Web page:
As a construction lawyer and commercial litigator, I frequently get calls from clients and potential clients to discuss payment disputes they have on job sites. These disputes range from minor disagreements about the expected scope of work to major disagreements such as when to walk off the job site. I have come up with some practical tips to increase your chances to obtain prompt payment of amounts you are owed. This article will focus on one tip but don’t forget to check back often for more of my articles and tips.
Although there is no tip to guarantee prompt payment, if you consider implementing some of my tips then it certainly will increase the likelihood of obtaining prompt payment or, at least, reduce legal fees in pursuit of those funds.
Tip #2 – Take advantage of payment bonds if they are available on your project
Surety Bonds, if they are available on your construction project, may be a quick and easy way to collect funds you are owed. In other words, these surety bonds - like insurance - protect your construction investment which you made by providing your work and services.
In this turbulent economy, it may not be a surprise to you that sometimes the project’s owners or general construction companies, even large ones, cannot pay their contractual obligations. If you are owed money on a project, this is when you should think about turning to a payment bond for payment. In these types of situations, it is wonderful if there is a financially stable bonding company in place that can step in and pay you what you are owed for providing your work and services to the construction project.
Having said that, not all construction projects have surety bonds in place. Also, there are also different types of surety bonds available. Further, even if there is an available surety bond in place on your construction project, you may not be a proper claimant under that bond. This is why it is worth investigating further.
The bigger the construction project, the more important the availability of a payment bond is. The reason is simple: the higher the contract price for amounts you are owed then the greater negative impact it will have on your business by non-payment.
Having said that, there are many smaller construction projects where there are no payment bonds available. This is because having a surety bond available on a construction project costs money. This extra expense on smaller construction projects may make little sense to the owner and/or contractor.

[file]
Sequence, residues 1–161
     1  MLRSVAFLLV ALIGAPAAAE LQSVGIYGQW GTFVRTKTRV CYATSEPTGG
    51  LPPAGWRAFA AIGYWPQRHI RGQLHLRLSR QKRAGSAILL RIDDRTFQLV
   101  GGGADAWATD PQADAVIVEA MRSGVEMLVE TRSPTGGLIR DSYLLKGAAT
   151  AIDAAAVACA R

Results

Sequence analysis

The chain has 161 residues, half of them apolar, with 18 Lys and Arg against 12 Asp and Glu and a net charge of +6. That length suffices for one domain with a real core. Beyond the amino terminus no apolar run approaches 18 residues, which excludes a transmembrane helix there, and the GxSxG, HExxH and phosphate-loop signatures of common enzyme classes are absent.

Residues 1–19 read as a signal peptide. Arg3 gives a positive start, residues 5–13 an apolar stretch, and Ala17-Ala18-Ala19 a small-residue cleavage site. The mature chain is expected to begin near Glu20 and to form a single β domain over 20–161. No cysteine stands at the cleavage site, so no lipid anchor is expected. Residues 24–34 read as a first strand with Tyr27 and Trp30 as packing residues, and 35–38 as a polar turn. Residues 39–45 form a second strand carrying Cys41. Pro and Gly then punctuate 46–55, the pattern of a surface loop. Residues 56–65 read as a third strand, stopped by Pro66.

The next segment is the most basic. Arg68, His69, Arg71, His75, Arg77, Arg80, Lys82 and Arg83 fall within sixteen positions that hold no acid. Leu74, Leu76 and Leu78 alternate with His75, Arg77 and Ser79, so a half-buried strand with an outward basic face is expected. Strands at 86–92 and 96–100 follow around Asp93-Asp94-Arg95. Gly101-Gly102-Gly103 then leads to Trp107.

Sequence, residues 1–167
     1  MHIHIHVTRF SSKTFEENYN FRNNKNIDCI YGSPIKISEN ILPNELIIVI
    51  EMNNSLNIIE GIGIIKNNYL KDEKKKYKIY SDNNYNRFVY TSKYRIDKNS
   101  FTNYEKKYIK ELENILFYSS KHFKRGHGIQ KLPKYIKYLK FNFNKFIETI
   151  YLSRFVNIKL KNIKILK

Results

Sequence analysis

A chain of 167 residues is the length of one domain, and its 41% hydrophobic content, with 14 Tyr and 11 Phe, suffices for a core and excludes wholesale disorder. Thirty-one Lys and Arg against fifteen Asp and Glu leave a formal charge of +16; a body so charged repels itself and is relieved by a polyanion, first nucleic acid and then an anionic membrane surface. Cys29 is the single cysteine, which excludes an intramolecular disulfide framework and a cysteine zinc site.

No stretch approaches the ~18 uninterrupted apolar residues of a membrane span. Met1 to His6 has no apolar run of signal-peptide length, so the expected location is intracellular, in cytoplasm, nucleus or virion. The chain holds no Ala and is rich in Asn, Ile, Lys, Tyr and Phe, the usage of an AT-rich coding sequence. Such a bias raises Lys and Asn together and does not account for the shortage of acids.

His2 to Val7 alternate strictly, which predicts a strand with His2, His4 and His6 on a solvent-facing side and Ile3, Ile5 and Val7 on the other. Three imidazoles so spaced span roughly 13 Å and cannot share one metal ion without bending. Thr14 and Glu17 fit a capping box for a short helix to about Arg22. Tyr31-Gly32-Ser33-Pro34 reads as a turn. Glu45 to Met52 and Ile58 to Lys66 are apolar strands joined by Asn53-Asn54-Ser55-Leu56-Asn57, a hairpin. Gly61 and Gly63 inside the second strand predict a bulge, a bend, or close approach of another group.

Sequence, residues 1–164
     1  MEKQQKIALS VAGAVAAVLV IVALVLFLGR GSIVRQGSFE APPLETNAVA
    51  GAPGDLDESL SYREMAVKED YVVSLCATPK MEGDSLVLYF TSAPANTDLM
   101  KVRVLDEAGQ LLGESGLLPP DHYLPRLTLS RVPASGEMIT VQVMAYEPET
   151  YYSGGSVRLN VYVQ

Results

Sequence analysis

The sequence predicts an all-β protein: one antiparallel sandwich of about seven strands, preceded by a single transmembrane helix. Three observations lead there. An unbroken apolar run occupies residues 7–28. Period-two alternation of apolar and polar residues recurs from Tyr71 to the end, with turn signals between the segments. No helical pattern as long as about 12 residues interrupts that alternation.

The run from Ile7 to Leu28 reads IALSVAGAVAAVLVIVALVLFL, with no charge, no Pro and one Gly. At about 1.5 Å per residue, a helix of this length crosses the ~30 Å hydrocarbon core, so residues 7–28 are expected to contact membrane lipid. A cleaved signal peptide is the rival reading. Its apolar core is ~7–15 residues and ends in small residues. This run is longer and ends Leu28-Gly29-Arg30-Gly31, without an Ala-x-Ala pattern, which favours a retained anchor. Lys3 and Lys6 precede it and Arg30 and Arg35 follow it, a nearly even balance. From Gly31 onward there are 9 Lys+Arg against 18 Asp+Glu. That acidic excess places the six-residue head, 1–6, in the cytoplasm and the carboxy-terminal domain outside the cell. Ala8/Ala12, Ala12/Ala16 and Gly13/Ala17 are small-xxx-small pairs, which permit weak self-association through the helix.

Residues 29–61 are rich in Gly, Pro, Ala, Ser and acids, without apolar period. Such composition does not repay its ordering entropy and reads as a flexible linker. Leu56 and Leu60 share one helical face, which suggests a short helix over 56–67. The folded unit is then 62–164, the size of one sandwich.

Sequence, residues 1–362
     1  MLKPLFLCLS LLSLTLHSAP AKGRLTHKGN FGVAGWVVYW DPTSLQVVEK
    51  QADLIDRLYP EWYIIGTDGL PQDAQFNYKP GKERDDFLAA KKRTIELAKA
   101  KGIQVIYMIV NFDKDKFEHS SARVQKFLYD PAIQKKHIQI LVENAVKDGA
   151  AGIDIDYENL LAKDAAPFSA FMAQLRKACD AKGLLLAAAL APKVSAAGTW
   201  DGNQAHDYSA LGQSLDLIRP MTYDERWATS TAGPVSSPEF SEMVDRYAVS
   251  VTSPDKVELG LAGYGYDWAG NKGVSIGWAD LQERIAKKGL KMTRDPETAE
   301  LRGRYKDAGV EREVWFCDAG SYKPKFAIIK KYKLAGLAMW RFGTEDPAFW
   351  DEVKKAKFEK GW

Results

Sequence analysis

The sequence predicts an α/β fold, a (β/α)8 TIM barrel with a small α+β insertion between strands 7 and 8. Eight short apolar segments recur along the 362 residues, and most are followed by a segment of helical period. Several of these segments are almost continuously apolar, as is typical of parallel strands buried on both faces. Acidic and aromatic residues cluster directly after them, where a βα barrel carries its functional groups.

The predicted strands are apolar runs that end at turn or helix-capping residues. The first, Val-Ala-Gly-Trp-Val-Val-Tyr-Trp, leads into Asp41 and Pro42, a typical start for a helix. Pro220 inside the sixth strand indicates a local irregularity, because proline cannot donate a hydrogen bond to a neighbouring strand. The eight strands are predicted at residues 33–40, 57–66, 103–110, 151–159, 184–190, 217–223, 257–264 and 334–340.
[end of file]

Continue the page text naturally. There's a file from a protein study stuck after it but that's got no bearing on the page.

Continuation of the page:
There are some construction companies who require a surety bond to be available as protection before they agree to provide work and services on a construction project. Of course, this type of demand reduces the number of construction projects they are prepared to service but to those companies it is a valid prerequisite in considering a large construction project.
In considering whether to take on a construction project, with or without this added “payment insurance” in place, it is worth considering how your company could withstand the impact of nonpayment.
Don’t confuse this with slow payments or partial payments on amounts you are owed. Rather, ask yourself whether your company can completely absorb a nonpayment. If you can’t absorb that loss entirely then it may be more critical to have this insurance in place rather than completely risking your company and business on another party’s ability and willingness to pay you.
Because surety bonds can pay you amounts you are owed directly, it is imperative that you fall within the conditions of payment as outlined in the available payment bond. For example, you need to be a proper claimant under the bond and your claim is time sensitive. These essential factors are determinative if a payment bond is available to you to make a claim under.
Knowing more about payment bonds and whether they are available to you may be your key to obtain prompt payment and avoid litigation. Because claims against payment bonds are time sensitive, you should not wait too long before investigating or seeking legal assistance. As always, I would be delighted to make myself available to you and your company in order to discuss this tip or handle your legal issue or problem.
For further information, please contact Shane E. Kazushner by phone at (416) 368-6431 or by email at firstname.lastname@example.org.
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